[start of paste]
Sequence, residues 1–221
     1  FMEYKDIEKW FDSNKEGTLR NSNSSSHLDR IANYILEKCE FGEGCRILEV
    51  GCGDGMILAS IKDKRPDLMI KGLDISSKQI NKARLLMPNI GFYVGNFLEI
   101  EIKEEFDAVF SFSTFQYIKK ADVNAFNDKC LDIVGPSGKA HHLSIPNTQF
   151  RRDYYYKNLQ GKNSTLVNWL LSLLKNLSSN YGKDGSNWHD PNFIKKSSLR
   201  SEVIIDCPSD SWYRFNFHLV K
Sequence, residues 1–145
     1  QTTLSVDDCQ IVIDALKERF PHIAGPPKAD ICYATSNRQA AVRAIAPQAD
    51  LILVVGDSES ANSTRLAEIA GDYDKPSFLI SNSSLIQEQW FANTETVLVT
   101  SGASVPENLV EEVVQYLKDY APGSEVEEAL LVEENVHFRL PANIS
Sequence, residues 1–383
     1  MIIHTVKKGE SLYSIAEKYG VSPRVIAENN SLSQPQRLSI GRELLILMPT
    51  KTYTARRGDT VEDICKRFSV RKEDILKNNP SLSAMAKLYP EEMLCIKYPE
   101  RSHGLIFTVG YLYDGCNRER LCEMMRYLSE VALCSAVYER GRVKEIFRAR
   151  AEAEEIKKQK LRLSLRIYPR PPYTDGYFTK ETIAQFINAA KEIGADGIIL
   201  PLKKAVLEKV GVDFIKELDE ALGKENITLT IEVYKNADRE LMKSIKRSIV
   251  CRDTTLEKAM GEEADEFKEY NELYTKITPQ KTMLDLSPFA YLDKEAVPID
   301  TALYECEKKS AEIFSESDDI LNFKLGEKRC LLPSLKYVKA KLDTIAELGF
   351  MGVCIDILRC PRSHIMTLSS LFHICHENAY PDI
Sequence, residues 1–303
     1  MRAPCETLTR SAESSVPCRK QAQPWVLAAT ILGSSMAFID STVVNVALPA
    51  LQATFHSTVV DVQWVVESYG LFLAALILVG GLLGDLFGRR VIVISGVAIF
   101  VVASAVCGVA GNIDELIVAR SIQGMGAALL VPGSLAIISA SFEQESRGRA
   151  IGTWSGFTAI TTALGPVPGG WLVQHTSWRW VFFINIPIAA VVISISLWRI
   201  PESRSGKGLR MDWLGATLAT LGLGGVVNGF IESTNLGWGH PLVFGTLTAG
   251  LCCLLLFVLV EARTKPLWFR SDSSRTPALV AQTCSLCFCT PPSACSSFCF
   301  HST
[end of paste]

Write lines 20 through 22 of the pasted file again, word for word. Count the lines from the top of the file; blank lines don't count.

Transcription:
Sequence, residues 1–303
     1  MRAPCETLTR SAESSVPCRK QAQPWVLAAT ILGSSMAFID STVVNVALPA
    51  LQATFHSTVV DVQWVVESYG LFLAALILVG GLLGDLFGRR VIVISGVAIF